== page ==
mulga snake

Mulga snake or king brown… she really liked this one

 

Even as we left the park she was pointing and staring into the trees that surround Cleland in the apparent hope of seeing more wildlife. To be honest I was amazed and secretly wondering at what age a child can be trusted with her first digital camera.

IMG_3695

Before I become a naturalist I’ll try art

 

It was an exhilarating day in a lovely bushland setting; without doubt, a place to take the family and experience the wildlife that makes SA such an extraordinary place to live or visit.

Cheers

Baz

 

Footnote

She slept all the way home

Mum hit the sack at 8.00 pm

Nan rubbed in some back ointment

I pored over the camera and laptop to record a Quinn-based blog

A Hill’s Face Hike

16 Feb

Dear Reader:

The koala is well camouflaged and firmly wedged between two branches in a stunted eucalyptus tree which is growing on the edge of a steep slope. Getting a decent shot involves scrabbling through some spiky acacia bushes and perching myself precariously on the edge of a rocky outcrop. But a quick glance at the playback screen suggests that the effort has been worthwhile and a few more scratches on my legs are ‘par for the course’ in this terrain.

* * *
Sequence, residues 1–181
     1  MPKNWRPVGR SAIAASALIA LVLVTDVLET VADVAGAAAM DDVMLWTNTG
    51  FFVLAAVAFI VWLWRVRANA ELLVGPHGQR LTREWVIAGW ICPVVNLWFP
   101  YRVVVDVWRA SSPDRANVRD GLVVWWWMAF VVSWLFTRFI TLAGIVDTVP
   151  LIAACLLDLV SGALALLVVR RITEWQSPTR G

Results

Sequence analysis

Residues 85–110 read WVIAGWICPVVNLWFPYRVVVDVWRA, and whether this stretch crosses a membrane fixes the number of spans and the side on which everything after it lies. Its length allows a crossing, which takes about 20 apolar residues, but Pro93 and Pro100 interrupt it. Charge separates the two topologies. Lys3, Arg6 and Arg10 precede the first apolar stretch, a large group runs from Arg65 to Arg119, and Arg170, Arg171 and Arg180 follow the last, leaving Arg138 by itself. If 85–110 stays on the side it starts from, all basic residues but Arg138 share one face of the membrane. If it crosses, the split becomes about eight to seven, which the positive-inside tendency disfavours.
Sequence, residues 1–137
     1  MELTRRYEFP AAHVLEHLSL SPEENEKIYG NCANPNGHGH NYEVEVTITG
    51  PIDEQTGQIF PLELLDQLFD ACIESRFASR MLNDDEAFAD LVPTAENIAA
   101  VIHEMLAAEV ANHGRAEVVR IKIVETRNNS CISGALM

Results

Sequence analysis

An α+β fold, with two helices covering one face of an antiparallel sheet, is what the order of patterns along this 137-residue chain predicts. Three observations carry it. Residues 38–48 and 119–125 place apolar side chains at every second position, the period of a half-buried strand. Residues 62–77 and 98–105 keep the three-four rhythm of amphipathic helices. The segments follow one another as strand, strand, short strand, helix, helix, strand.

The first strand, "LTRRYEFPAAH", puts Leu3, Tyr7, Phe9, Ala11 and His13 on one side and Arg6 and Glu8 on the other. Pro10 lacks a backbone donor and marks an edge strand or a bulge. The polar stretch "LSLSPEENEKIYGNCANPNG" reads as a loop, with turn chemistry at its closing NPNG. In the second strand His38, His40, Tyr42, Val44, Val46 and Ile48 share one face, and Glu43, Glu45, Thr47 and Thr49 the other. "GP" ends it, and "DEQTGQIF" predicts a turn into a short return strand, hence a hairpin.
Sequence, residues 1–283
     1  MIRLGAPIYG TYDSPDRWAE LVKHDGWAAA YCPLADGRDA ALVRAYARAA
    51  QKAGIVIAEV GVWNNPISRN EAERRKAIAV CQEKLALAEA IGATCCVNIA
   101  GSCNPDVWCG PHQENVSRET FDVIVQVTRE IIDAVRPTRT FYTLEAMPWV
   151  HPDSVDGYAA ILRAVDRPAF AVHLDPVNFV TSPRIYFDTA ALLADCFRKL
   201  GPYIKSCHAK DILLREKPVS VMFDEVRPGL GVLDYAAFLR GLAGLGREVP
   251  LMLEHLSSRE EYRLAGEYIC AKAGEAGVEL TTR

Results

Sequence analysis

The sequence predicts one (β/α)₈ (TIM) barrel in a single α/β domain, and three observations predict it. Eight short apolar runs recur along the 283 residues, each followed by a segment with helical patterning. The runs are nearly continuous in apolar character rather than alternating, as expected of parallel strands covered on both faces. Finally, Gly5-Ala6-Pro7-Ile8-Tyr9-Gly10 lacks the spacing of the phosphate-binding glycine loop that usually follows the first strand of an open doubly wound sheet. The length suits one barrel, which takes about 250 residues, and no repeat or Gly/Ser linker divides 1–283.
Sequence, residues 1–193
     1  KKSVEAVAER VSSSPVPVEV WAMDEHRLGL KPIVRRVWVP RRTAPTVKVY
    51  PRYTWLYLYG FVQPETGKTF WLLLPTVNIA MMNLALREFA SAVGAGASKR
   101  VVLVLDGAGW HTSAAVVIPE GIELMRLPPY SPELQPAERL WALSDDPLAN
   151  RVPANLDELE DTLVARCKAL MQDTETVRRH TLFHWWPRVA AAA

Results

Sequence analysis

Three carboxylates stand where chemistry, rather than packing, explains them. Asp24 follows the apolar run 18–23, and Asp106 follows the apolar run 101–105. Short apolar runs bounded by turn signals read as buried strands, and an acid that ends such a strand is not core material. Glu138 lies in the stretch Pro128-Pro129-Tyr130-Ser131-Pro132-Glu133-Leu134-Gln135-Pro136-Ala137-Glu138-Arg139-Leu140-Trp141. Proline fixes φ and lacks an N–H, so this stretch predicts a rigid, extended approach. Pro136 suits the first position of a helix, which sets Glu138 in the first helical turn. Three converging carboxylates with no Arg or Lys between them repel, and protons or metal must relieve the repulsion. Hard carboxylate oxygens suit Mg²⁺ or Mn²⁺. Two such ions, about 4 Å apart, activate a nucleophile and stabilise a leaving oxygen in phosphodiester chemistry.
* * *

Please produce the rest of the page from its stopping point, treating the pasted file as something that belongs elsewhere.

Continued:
3 Koala near the trail head

Koala near the trail head

 

I am half way up Anstey Hill on the north eastern edge of the Adelaide Hills. This ‘hills face’ recreation park is part of the in the Greater Mount lofty Parklands and one of several reserves that permit hiking, walking dogs on leads while banning camping, mountain bikes and the lighting of any fires. Anstey Hill is only 8 Kms from the CBD, easily accessed from several major roads and close to quite a few reputable hotels and restaurants. In short, an ideal destination for a morning or afternoon walk followed by a meal and a glass of wine.